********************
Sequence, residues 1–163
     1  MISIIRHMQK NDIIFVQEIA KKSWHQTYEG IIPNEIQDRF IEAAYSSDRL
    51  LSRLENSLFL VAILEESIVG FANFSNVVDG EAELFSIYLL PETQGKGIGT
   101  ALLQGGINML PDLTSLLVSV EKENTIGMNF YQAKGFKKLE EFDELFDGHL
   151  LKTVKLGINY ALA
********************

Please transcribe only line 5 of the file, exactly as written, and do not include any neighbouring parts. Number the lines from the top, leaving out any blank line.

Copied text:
   151  LKTVKLGINY ALA